❝ In the heart of Italy, Harvard professor of symbology Robert Langdon is drawn into a harrowing world centered on one of history’s most enduring and mysterious literary masterpieces . . . Dante’s Inferno.
Against this backdrop, Langdon battles a chilling adversary and grapples with an ingenious riddle that pulls him into a landscape of classic art, secret passageways, and futuristic science. Drawing from Dante’s dark epic poem, Langdon races to find answers and decide whom to trust . . . before the world is irrevocably altered.❞
I had a bit of an issue with rating and reviewing Inferno. This is mainly because of a futile mistake Brown made which has probably cost him a lot of readers. You see, the first hundred pages or so of this book literally give you nothing. It describes that the protagonists are being shot at and they are running for their life. Robert Langdon has lost his memories and cannot recall how he ended up in Florence or why he’s being chased.
As a reader you are completely left in the dark, with no clue whatsoever about what is going on. And it’s perfectly fine to start a book like that, but you’re not doing yourself any favors as a writer if your readers don’t know what’s going on for about 1/4 of the book. The lack of hints or progress bored me. If it wasn’t for the fact that I never leave a book unfinished AND that this was a graduating present, I would have definitely put Inferno down.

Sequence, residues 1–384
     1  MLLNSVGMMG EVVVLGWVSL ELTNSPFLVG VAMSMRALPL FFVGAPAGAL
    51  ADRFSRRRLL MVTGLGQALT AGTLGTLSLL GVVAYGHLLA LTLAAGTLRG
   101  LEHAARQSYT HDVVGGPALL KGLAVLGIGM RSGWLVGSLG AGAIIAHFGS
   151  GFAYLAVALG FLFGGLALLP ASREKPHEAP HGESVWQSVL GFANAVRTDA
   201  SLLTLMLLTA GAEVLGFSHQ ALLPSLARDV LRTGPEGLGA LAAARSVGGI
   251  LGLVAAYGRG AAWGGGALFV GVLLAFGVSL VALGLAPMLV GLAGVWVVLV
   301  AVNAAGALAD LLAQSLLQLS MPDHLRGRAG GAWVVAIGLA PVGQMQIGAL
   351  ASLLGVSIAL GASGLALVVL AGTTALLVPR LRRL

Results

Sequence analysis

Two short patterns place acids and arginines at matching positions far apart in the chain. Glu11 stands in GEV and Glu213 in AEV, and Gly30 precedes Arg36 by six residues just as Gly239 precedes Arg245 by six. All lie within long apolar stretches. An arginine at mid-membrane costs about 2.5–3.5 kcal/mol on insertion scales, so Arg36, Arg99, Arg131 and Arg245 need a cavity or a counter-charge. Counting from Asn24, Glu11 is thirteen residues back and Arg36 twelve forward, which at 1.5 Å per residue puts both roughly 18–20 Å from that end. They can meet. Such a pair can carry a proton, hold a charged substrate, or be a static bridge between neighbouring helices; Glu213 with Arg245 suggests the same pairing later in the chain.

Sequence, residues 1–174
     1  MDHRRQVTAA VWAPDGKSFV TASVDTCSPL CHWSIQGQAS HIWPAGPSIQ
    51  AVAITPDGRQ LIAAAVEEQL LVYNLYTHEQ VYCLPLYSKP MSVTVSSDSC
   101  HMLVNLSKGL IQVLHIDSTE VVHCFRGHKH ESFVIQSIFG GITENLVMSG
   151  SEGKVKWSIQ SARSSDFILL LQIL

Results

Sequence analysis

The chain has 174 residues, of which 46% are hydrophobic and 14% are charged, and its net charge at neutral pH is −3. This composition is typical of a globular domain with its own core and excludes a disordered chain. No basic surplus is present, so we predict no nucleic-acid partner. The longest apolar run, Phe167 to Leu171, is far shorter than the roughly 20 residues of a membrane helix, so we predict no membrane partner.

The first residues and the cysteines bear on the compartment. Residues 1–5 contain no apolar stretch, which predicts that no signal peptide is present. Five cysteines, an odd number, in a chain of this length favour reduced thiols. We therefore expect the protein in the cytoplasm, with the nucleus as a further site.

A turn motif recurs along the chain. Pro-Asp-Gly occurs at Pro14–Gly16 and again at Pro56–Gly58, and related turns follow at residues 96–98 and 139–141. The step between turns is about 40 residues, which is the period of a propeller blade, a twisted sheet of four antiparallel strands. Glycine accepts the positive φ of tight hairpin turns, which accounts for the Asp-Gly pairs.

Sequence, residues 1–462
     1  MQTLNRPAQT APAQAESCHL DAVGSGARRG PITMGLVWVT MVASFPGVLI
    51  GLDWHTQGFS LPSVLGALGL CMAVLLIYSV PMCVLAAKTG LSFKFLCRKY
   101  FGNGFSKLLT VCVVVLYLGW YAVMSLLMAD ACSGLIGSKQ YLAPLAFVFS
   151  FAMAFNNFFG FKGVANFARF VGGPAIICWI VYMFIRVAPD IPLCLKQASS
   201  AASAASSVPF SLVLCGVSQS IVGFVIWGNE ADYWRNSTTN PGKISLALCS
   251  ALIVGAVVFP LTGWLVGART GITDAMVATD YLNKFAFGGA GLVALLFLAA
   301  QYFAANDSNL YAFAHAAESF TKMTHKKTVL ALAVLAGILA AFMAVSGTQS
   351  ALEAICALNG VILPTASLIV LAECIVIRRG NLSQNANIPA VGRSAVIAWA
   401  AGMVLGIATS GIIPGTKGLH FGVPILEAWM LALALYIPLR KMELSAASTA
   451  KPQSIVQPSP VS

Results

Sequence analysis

The thing is though, I did continue to read and the story got so much better. Suddenly, it was explained how Langdon lost his memory and piece by piece you get to find out as a reader what his purpose is in Florence and why some people want him dead because of it. All this is wrapped in a series of scenes filled with action, which makes it all very exciting.
What I liked best were the various riddles that are introduced and solved throughout the book. Furthermore, there was lots of additional background on history and Florentine art. I have to admit that some of these excerpts did not add anything to the plot. Personally I’m very interested in history though and it certainly helped me in imagining the setting of Florence.
Besides the obvious focus on art, history and architecture, the book features other themes too that every one of us can at least relate to, to some extent: overpopulation and global health. It may not sound very interesting but the author managed to make it a terrifying business when one of the characters comes up with a very morbid solution for the problem.
I won’t deny that Brown should have thought twice about the first part of his book but all in all Inferno was a very interesting and exciting read, which is why I gave it four stars after all. The second half made up for what the first half missed and it ended up being quite the pageturner. I really do recommend everyone to plough through when it’s dull because you’ll get something amazing in the end!